Lignite coal that has been subjected to longer and deeper burial is converted to a darker and harder coal known as subbituminous coal.Subbituminous coal has a higher heating value than lignite. Subbituminous coal has a 46–60 percent fixed-carbon content and a heating value of 8,300–13,000 Btu/lb (8.8–13.7 million joules/lb). Although its heat value is lower, subbituminous coal coal generally has a lower sulfur content than other types, which makes it attractive for use because it is cleaner burning.

Bituminous coal

 U.S. Geological SurveyBituminous coal. Credit: U.S. Geological SurveyBituminous coal is a soft coal that produces smoke and ash when burned, has a 46–86 percent fixed-carbon content and a heating value of 11,000–15,000 Btu/lb (11.6–15.8 million joules/lb). Bituminous coal is considered a sedimentary rock because is a product of the deep burial and compaction of plant and mineral matter. It is usually black, sometimes dark brown, often with well-defined bands of bright and dull material. Bituminous coal seams are stratigraphically identified by the distinctive sequence of bright and dark bands and are classified accordingly as either "dull, bright-banded" or "bright, dull-banded" and so on.

Bituminous coal is the most abundant economically recoverable coal globally and the main fuel burned in steam turbine-powered electric generating plants. Some bituminous coals, known as metallurgical or coking coals, have properties that make them suitable for conversion to coke used in steel-making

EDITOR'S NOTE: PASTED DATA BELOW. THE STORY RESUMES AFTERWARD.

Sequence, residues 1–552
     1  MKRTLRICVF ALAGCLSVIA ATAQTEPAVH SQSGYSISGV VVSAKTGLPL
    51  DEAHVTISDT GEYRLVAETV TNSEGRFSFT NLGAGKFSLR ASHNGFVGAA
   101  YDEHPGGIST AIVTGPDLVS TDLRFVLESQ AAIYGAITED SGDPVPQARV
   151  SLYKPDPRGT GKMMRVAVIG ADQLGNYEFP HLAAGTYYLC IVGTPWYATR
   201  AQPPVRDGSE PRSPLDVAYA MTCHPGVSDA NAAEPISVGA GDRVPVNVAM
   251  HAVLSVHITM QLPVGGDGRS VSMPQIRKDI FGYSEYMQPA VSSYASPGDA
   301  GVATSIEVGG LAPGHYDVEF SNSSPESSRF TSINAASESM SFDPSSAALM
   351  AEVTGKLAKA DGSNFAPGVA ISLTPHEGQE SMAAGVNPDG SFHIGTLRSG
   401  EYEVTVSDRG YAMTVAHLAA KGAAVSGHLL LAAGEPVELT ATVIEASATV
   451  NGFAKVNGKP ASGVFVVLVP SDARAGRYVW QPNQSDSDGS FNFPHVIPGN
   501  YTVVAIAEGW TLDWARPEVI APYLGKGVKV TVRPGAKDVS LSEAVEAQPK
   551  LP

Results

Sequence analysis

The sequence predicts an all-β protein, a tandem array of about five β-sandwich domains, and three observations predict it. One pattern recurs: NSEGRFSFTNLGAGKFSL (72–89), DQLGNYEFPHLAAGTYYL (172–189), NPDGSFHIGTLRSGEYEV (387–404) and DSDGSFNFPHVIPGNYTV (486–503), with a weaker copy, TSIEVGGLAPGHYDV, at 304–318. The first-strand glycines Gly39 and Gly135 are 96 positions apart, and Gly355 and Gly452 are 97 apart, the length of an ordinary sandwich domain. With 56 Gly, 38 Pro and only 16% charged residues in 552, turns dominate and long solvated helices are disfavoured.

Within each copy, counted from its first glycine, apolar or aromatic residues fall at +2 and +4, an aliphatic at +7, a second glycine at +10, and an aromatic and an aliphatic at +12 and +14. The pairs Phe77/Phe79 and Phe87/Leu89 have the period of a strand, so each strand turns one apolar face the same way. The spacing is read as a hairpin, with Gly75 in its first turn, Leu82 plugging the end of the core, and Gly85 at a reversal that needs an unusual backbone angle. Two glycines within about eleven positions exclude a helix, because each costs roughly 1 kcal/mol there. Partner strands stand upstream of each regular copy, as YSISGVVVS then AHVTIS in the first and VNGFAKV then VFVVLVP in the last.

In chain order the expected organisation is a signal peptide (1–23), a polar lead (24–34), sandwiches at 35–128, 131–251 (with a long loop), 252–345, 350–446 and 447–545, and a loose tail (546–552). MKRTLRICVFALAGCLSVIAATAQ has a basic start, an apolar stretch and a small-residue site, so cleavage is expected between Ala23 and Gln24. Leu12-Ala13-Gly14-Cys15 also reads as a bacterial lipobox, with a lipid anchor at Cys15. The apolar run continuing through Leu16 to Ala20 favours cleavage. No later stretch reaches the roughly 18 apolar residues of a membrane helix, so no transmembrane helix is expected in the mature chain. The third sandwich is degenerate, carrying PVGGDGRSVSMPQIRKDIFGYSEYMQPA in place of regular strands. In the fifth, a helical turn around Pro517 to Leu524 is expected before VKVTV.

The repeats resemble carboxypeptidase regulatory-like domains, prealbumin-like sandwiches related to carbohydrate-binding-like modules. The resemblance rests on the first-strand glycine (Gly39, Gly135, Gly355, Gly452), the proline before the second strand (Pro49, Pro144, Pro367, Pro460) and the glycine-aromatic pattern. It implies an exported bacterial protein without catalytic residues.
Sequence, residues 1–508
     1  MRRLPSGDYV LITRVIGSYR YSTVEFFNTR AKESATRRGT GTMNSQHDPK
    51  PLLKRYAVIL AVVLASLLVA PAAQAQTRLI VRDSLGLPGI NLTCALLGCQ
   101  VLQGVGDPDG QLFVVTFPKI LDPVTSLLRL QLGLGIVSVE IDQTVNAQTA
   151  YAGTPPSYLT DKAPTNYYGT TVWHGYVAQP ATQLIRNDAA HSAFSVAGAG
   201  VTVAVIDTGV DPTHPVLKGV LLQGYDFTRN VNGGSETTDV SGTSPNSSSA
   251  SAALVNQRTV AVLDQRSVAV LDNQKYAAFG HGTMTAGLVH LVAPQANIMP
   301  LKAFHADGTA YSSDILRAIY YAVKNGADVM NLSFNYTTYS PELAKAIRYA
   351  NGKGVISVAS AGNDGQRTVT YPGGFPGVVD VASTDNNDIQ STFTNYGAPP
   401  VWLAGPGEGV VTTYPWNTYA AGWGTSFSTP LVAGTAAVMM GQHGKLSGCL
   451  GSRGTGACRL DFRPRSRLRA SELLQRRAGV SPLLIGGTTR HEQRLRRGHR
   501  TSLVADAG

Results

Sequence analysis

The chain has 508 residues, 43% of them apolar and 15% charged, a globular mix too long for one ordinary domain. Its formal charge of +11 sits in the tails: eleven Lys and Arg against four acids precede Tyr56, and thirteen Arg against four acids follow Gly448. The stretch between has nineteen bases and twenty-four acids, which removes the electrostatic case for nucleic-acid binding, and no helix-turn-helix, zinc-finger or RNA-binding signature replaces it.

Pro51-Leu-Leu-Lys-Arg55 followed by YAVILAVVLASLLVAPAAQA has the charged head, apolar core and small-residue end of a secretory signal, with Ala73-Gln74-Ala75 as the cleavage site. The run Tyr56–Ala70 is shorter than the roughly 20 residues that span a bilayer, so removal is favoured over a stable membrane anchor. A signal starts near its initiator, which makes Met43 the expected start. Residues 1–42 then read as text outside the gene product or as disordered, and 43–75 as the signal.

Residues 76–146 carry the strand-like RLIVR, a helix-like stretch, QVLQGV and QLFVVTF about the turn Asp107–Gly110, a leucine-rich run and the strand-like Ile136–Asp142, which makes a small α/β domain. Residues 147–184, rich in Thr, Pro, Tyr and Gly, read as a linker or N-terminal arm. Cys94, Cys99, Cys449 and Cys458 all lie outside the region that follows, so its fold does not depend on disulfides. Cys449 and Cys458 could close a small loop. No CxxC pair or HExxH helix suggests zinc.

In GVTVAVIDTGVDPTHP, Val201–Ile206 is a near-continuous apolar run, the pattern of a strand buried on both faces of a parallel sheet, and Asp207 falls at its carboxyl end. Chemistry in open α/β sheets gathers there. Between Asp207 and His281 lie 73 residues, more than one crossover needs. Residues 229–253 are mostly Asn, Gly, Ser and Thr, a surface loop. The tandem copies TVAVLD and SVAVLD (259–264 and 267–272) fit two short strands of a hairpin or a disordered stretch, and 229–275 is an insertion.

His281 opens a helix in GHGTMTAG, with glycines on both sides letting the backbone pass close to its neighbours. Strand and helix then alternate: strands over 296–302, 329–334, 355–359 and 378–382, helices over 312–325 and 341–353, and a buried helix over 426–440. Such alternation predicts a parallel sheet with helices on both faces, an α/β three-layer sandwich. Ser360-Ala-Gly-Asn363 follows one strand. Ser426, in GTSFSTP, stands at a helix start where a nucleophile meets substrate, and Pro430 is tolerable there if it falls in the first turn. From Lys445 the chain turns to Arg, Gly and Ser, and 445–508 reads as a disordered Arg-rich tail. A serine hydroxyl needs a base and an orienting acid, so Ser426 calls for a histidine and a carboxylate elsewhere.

Anthracite

 U.S. Geological SurveyAnthracite coal. Source: U.S. Geological SurveyThe highest rank of coal is anthracite, a hard black coal that burns with little flame and smoke, has the highest fixed-carbon content, 86–98 percent, and a heating value of 13,500–15,600 Btu/lb (14.2–16.5 million joules/lb).

Other terms which refer to anthracite are blue coal, hard coal, stone coal, blind coal (in Scotland), Kilkenny coal (in Ireland), crow coal (or craw coal from its shiny black appearance), and black diamond.

Anthracite coal may be considered to be a transition stage between ordinary bituminous coal and graphite, produced by the more or less complete elimination of the volatile constituents of the former; and it is found most abundantly in areas that have been subjected to considerable earth-movements, such as the flanks of great mountain ranges. Anthracite coal is a product of metamorphism and is associated with metamorphic rocks, just as bituminous coal is associated with sedimentary rocks. For example, the compressed layers of anthracite that are deep mined in the folded (metamorphic) Appalachian Mountains of the Coal Region of northeastern Pennsylvania are extensions of the layers of bituminous coal that are strip mined on the (sedimentary) Allegheny Plateau of Kentucky and West Virginia, and Western Pennsylvania.

Sources

  • Energy Information Administration, U.S. Department of Energy, Coal Basics 101, Accessed 2 January 2009.
  • Kentucky Geological Survey, University of Kentucky, Coal, Accessed 2 January 2009.
  • U.S. Department of the Interior, U.S. Geological Survey, Peat, 2007 Minerals Yearbook.
  • Wikipedia Contributors, Coal, Wikipedia The Free Encyclopedia, Accessed 2 January 2009.
  • World Coal Institute, Coal Types, Accessed 2 January 2009.